The main difference between annual and continuous performance appraisal is evident from their names: Annual performance appraisal is a traditional approach that involves a formal review of an employee’s progress and is conducted once a year. In contrast, continuous performance appraisal is a year-round performance review process that includes real-time feedback, regular appraisal meetings, discussions about potential areas of improvement, and work preferences.
- A system with multiple benefits
A regular and “consistent” performance review process ensures quick recognition of achievements, keeping employees motivated and engaged. When a company values human resources and cares about their well-being, work stress is reduced. A stress-free work environment and supportive conditions can act as catalysts for improved employee satisfaction and career growth.
An effective performance review process will help reduce conflicts between employees and management. Face-to-face discussions about how employees perform, the obstacles they face, and their strengths and weaknesses can “prevent” negative situations and resolve differences that often lead to conflict. . This builds employee confidence, encourages them to work with a positive attitude, which in turn enhances their effectiveness.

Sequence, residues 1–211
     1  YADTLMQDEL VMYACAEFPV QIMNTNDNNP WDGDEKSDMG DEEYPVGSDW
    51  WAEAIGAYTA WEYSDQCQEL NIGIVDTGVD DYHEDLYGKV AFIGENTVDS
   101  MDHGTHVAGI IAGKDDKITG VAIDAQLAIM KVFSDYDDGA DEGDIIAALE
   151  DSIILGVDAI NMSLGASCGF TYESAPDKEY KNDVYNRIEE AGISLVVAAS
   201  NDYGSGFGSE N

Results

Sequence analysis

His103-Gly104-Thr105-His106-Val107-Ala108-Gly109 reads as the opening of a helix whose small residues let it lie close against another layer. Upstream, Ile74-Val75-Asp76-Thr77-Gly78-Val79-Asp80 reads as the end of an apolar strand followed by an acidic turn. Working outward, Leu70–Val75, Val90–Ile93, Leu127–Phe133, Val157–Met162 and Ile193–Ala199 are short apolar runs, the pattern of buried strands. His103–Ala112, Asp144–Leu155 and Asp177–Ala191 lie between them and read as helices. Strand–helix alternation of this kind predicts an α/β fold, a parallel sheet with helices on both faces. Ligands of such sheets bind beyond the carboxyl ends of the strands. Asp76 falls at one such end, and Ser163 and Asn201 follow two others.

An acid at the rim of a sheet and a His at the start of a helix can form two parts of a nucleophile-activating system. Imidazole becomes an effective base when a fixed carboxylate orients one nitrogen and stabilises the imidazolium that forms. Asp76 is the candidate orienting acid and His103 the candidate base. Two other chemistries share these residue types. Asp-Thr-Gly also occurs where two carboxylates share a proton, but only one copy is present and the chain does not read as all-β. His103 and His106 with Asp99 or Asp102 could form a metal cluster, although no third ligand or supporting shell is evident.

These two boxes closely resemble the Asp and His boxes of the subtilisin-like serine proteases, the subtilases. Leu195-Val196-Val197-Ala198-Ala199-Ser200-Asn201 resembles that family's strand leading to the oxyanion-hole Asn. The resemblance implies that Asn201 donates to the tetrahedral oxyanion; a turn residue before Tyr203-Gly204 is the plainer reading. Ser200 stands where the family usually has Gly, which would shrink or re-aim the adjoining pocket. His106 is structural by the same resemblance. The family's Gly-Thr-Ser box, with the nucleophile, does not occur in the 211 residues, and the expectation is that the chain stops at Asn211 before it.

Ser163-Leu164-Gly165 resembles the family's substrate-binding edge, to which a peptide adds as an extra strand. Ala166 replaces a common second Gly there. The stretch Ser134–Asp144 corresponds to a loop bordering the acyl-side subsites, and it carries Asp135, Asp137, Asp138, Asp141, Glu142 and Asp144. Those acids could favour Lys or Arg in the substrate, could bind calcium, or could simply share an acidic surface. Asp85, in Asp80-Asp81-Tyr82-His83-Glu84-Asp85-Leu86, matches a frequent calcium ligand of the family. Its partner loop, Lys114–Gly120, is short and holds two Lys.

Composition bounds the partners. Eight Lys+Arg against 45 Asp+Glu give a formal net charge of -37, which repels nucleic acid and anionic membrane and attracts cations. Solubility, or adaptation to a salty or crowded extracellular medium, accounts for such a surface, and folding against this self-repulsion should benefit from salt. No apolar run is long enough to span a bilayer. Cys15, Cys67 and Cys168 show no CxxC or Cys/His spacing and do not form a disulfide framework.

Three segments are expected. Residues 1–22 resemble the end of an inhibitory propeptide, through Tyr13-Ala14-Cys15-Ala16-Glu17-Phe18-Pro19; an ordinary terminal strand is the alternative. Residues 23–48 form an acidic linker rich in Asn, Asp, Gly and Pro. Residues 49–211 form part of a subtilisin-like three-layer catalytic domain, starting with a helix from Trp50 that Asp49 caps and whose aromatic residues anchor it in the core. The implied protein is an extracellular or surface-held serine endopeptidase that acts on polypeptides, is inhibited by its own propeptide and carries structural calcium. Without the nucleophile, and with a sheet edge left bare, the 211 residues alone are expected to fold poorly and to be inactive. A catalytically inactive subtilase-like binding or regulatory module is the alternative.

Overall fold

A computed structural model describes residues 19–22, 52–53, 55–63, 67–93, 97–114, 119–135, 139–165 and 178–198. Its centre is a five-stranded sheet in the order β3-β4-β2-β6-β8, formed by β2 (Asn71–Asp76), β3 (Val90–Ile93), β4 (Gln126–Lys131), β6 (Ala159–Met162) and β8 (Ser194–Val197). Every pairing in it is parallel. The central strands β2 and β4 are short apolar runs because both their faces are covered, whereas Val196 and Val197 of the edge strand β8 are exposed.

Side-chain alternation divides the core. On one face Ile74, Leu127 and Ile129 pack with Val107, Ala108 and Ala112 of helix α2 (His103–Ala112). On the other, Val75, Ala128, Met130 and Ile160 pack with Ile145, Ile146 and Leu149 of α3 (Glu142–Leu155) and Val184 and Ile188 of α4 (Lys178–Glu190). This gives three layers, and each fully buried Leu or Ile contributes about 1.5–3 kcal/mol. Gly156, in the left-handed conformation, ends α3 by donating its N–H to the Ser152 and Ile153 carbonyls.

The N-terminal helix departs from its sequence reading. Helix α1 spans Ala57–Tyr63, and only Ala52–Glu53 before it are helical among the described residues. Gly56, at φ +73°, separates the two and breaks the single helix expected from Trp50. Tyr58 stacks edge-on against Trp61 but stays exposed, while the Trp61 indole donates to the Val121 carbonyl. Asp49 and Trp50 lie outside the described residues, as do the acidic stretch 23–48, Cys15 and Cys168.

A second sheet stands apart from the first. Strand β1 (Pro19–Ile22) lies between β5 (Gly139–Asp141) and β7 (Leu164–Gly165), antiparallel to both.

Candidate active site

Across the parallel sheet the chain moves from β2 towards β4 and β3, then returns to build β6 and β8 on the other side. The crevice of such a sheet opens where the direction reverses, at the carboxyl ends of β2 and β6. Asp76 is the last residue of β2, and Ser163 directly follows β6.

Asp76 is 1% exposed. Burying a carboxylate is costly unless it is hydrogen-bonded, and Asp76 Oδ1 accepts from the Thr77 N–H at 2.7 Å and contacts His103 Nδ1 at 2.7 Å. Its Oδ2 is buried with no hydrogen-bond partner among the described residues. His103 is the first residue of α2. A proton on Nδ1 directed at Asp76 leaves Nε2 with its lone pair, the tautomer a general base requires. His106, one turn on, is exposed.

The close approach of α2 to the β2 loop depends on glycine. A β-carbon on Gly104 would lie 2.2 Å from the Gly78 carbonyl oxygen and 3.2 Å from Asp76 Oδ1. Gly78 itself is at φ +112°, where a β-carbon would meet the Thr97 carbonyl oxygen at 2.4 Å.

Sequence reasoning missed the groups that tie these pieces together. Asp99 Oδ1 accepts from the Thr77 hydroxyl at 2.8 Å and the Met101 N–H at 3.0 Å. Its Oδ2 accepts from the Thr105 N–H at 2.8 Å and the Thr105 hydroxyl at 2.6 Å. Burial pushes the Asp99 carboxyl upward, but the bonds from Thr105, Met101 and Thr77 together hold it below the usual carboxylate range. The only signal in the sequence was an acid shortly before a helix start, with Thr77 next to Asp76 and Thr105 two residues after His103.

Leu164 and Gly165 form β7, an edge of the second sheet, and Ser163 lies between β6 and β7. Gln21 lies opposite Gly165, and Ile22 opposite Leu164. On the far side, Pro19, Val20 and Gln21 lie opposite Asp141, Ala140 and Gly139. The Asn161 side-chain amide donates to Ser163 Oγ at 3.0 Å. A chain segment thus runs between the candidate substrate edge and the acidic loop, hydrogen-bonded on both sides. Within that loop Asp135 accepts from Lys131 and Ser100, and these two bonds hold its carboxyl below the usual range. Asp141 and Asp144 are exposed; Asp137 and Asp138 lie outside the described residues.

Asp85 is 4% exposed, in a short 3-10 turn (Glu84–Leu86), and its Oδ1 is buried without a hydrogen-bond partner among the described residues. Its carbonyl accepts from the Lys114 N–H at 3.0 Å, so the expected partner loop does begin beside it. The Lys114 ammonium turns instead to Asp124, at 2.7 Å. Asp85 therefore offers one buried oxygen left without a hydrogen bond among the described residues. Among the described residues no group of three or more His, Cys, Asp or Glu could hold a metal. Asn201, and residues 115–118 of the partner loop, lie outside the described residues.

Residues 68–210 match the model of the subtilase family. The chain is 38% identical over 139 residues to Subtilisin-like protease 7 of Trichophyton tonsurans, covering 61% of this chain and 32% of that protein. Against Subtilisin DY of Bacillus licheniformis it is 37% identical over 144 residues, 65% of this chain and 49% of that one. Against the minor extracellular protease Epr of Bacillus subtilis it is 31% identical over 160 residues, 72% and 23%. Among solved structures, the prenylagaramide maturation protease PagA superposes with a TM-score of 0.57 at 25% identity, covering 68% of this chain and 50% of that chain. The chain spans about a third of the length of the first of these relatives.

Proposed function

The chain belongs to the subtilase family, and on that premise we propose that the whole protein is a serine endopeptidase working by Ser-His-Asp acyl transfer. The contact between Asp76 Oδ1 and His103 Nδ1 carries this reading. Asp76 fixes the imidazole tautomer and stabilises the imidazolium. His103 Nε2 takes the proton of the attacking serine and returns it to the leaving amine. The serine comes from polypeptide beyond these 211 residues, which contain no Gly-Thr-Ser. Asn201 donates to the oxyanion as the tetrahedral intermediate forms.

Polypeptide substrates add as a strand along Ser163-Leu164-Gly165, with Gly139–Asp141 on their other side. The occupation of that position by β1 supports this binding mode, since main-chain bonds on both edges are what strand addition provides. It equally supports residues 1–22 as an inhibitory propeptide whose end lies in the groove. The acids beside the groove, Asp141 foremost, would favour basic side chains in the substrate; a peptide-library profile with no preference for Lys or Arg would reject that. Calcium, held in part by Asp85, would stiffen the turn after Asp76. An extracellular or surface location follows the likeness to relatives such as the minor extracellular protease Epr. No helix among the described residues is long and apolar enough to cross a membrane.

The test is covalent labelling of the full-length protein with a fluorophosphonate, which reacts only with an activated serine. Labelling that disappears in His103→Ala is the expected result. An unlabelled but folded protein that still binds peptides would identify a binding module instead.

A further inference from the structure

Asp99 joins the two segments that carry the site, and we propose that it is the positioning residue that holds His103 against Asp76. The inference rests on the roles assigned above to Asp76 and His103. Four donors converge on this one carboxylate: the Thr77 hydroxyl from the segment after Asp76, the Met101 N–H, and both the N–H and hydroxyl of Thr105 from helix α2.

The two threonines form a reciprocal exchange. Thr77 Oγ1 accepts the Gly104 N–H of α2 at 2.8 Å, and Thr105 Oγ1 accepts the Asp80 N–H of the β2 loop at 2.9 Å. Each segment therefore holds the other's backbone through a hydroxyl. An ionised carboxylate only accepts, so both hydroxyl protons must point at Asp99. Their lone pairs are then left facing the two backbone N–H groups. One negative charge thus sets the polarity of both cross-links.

Regular performance appraisal meetings help identify the exact points that each employee needs to improve or strengthen. For example, it may reveal that someone needs to “upgrade” their skills, while someone may need additional training, based on the needs of the market. With this aggregated analysis, managers get help in developing the best training and learning program.
As the Great Resignation continues to hit job markets around the world, organizations are naturally looking for ways to preserve their most important assets, everybody. In this context, effective staff management can make a decisive contribution. Two-way communication between HR and managers helps managers better understand potential problems and find immediate solutions. Furthermore, it helps in setting future goals based on employee abilities and expectations. As a result, it minimizes conflicts (interests and expectations) between management and employees and significantly reduces turnover.